Doris McCarthy Gallery at University of Toronto Scarborough
for there are many stories here
they'd forgotten entirely that story and reality are one and the same.
-Leanne Betasamosake Simpson, gezhizhwazh
This exhibition engages the work of Andrea Chung, Doris McCarthy, Ana Mendieta, Shelley Niro, Nicholas Poussin, Elizabeth Simcoe, Leanne Betasamosake Simpson and Alize Zorlutuna along with the artwork present in the Cueva de El Castillio in a conversation that spans some 40,800 years between the contemporary, historic, and prehistoric artists and writers. Their stories take the form of archive ephemera, reproductions, books and diaries, soundscape and video, and pursue self-determination as a form of resistance and remembrance.
The exhibition itself is separated into two portions: a screening room and an expanded reading room. From the dialogue between these two portions spring the questions: What happens when we rearrange the current story of art history in favour of one that is rhizomatic, multi-generational, and feminist, one that accounts for local history as well as its place in the broader, global, narrative? When we re-examine art (hi)story through this lens, what is possible? These questions frame the exhibition for there are many stories here.
1. The Expanded Reading Room
Leanne Betasamosake Simpson's book "Islands of Decolonial Love" (2013) is held open to the short retelling of gezhizhwazh. In it an aunty tells the tale to a young man. Gezhizhwazh is a character sometimes featured in Anishinaabe Wiindigo stories. Translated into English, her name means ‘to try to cut.’  She is a decolonising force! In these stories, the greedy, cannibalistic beast, Wiindigo, is defeated by gezhizhwazh when she sacrifices herself to it in order to save the Anishinaabe people from Wiindigo’s wrath. 
In her version, Leanne speaks to the tension between colonial, patriarchal language and one's own way of speaking, the intergenerational sharing of knowledge and reproduction of that knowledge by selectively providing translations for the Anishinaabemowin words used. She foregrounds the possibility of change and the ability to start at the beginning— even when one is in the middle. The narrative also addresses the complexities of telling, sharing, and revisiting stories. Leanne reminds us that stories impact reality. She shows us that to make, preserve, and share stories can be an act of agency and self-determination; that to tell one’s story can be a political act and that the means and ease by which it can be accessed is of political significance.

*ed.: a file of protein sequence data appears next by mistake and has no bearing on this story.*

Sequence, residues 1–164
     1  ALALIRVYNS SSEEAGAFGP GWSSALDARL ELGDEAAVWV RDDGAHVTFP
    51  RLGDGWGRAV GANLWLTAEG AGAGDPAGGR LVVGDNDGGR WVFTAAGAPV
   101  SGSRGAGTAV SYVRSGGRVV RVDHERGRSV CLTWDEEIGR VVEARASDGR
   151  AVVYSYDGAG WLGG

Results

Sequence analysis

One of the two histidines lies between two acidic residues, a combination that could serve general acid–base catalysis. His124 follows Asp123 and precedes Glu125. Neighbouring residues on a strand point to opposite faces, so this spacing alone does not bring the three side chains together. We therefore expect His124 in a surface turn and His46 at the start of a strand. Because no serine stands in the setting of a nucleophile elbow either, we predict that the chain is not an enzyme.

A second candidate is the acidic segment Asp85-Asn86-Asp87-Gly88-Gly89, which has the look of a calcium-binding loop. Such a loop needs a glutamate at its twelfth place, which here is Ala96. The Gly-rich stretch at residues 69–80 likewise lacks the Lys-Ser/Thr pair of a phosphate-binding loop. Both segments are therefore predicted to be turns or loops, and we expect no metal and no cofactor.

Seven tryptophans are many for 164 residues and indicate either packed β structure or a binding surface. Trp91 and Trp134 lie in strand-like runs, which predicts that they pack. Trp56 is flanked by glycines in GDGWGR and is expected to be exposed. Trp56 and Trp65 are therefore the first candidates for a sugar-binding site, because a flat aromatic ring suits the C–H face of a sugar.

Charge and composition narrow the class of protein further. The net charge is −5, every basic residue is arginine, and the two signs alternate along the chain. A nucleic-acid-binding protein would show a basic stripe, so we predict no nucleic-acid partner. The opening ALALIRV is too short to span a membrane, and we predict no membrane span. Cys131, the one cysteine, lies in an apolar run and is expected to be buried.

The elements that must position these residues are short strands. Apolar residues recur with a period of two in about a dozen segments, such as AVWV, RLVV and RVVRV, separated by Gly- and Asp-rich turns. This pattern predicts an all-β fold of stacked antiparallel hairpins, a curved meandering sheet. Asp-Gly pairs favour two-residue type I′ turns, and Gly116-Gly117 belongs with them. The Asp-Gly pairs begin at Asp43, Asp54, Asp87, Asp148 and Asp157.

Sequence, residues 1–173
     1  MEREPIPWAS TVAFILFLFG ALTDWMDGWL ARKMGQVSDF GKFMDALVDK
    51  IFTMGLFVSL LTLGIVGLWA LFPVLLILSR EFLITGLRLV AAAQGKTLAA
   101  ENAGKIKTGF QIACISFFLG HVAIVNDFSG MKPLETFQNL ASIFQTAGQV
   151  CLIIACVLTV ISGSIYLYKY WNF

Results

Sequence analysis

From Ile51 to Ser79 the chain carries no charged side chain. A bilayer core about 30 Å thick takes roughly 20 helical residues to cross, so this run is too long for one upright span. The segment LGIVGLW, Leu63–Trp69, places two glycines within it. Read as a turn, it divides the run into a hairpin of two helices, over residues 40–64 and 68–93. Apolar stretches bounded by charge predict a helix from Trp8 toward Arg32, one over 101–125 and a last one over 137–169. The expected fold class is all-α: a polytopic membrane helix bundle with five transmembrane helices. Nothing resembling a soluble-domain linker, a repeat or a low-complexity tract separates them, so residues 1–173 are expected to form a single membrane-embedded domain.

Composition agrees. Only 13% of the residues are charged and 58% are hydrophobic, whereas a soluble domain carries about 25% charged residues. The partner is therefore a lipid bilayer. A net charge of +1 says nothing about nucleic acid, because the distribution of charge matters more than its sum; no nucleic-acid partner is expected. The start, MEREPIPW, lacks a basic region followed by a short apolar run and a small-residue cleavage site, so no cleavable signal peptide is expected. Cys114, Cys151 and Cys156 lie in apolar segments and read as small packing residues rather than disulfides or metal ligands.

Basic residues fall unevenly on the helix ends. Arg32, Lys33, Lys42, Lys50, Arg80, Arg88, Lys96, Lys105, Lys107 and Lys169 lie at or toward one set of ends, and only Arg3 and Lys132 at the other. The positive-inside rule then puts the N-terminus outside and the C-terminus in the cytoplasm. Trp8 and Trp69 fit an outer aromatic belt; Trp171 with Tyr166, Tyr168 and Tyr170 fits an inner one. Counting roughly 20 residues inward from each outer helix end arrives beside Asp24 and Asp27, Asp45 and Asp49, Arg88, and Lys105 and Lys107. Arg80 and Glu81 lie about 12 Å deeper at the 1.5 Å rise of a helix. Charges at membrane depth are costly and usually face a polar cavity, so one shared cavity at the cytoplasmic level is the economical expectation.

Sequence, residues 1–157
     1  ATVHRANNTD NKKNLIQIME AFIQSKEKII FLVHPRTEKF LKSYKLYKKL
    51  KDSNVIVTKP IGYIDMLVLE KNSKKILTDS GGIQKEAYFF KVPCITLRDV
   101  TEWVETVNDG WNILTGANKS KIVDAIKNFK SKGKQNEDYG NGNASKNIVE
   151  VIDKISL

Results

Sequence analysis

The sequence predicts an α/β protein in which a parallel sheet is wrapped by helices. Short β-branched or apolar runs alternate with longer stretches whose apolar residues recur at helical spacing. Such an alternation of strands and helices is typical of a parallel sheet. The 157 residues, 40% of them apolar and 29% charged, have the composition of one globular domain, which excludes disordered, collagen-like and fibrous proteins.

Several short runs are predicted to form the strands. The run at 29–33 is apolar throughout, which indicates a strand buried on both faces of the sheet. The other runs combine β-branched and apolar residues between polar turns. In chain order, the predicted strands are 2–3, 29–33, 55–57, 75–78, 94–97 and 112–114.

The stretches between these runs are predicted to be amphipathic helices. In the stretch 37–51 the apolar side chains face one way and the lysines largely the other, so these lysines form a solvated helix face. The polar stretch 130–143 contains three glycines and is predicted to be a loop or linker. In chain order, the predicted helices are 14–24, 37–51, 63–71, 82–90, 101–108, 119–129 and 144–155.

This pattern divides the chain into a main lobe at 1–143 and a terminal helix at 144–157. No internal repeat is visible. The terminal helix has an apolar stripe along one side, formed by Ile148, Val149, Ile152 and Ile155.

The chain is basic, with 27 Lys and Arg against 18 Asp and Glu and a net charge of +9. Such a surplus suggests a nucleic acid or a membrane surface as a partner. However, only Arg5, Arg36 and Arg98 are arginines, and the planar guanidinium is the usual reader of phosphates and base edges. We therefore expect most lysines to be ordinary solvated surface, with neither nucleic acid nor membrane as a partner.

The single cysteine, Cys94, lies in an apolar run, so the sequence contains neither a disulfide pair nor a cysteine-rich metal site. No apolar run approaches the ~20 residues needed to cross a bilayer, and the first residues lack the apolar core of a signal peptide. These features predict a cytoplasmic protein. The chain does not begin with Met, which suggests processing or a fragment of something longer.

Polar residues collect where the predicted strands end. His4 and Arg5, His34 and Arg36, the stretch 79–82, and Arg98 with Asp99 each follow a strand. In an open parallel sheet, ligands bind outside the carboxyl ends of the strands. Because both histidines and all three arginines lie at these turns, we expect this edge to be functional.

Doris McCarthy, the famed Canadian painter, is the namesake of the gallery. The Doris McCarthy Gallery (DMG) at the University of Toronto, Scarborough is home to her fonds. Of this ephemera are boxes upon boxes of her calendars, diaries, and sketchbooks from childhood onwards that document her daily life, keepsakes, letters, and even her taxes. It is the archived material, not her creative works that are the focus of our interest. In this exhibition, her avid self-historicizing is interpreted as a method of resistance against time and the potential of being forgotten. Though primarily a painter and less known for her writing, Doris McCarthy also wrote, not one, but three memoirs. The boxes in the archive can be viewed as chapters of her carefully cataloged life and have been moved from their storage vault and into the gallery proper. At once the effort of collecting, maintaining, preserving and storing a single person’s history on both the part of Doris herself and the Gallery become evident. Also present is an excerpt from Doris’s diary, a handwritten letter and a lock of her hair.
Ten kilometers from the DMG, on the Scarborough Bluffs, is where one can find McCarthy’s home, Fool’s Paradise. Doris was extremely passionate about the Bluffs and was active in their preservation, often taking photographs documenting the patterns and effects of its erosion. Fool’s Paradise, too, was donated to the Ontario Heritage Trust and is kept as an artist residency. By giving her home and collection to Ontario Heritage Trust and the University of Toronto Scarborough, McCarthy remains in control of her life, what can be remembered about her, how it can be discovered and where it can be accessed.
Elizabeth Simcoe, the wife of Canada’s first Lieutenant General, Governor John Graves Simcoe, gave Doris’s beloved bluffs the name they have today. Elizabeth kept a diary in which she detailed her time in Canada, including the founding of colonial towns. In one entry we find an encounter with the landscape that is now known as the Scarborough Bluffs:
4th— We met with some good natural meadows and several ponds. The trees are mostly of the poplar kind, covered with wild vines, and there are some fir. On the ground were everlasting peas creeping in abundance, of a purple color. I am told they are good to ear when boiled, our ride beyond the peninsula on the sands of the north shore of Lake Ontario till we were impeded large trees on the beach. We then walked some distance till we met with Mr. Grants (the surveyor’s) boat. It was not much larger than a canoe, but we ventured into it, and after rowing a mile we came within sight of what is named, in the map, the highlands of Toronto. The shore is extremely bold, and has the appearance of chalk cliffs, but I believe they are only white sand. They appeared so well that we talked of building a summer residence there and calling it Scarborough.
The colonial gesture of renaming a place in memory of the colonizer’s home is made visible in the gallery and speaks to the stories held and withheld by a name. "The Diary of Elizabeth Simcoe," published by William Briggs in 1911, is present in the gallery and is open to the page quoted above.
Also included in Elizabeth's diaries are sketches of her whereabouts. She often made maps, drawings and paintings during her travels. A reproduction of one such watercolour, Unidentified Landscape (179?), is displayed in the gallery. It depicts a rough rock face lined with trees that seem to be receding into waters. The potential decade that this watercolour was painted in is consistent with her travels to Scarborough, then called York. This may be an early depiction of the Scarborough Bluffs.
In 1982, the same year that Doris McCarthy painted Hoodoo's at Dinosaur Park, the artist Ana Mendieta carved two abstracted silhouettes of the female body into the Scarborough Bluffs. In preparation for these pieces, Ana made a drawing on the back of a map of Guild park.  This drawing doubles as a map to the site where she made the reliefs. A reproduction of it is visible in the gallery. The book "Unseen Mendieta" by Olga Viso (2002) is also present in the gallery. In it are the only published photos of the artworks.